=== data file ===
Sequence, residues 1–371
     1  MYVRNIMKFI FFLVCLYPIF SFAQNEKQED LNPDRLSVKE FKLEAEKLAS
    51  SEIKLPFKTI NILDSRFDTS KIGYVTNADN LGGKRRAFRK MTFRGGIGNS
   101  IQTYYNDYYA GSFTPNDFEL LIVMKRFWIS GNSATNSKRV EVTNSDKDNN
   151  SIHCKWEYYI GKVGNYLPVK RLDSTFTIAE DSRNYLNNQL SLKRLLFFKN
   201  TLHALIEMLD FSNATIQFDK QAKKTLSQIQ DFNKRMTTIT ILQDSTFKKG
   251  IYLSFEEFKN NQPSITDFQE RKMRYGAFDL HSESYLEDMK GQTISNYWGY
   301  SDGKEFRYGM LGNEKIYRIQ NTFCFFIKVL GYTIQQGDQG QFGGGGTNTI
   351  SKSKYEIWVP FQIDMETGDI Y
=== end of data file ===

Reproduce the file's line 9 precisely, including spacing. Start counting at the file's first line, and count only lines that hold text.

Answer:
   351  SKSKYEIWVP FQIDMETGDI Y